It is still a commonly held and pernicious belief that the arts are both non-academic and do not lead to successful careers. Both assumptions are erroneous with the creative industries now being one of the fastest-growing areas of the UK economy and worth £8.8 million an hour. That’s £76.9 billion a year. University schools of arts subjects have for some time now had the same range of degree levels and research opportunities open to them as other subject areas. This being such a new field, art research degrees offer ground-breaking opportunities. In addition, any student wanting to be involved in the business in the future would benefit greatly from a basic understanding of creative methodologies.

The National Careers Service profiles a number of jobs in the art and design family including:

  • Animator
  • Architect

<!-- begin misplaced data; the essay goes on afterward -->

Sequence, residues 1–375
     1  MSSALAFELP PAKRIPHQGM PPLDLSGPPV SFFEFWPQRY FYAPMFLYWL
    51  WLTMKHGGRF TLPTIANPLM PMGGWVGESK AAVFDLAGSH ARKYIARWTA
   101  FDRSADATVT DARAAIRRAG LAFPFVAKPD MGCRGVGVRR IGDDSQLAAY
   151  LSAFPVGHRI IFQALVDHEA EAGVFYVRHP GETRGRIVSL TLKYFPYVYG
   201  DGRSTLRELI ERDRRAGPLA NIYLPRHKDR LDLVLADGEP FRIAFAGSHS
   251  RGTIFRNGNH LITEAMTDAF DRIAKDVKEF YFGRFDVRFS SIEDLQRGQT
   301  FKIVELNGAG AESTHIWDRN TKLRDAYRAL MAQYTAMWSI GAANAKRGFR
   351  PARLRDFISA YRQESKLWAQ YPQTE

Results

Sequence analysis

• Art editor
  • Museum/gallery curator
  • Arts administrator
  • Art therapist
  • CAD technician
  • Ceramics designer
  • Conservator
  • Costume designer
  • Design engineer
  • Ergonomist
  • Fashion designer
  • Fine artist
  • Footwear designer
  • Furniture designer
  • Game designer
  • Glassmaker
  • Graphic designer
  • Milliner
  • Illustrator
  • Interior designer
  • Jewelry designer
  • Landscape architect
  • Leather craftworker
  • Medical illustrator
  • Model maker
  • Photographer
  • Product designer
  • Set designer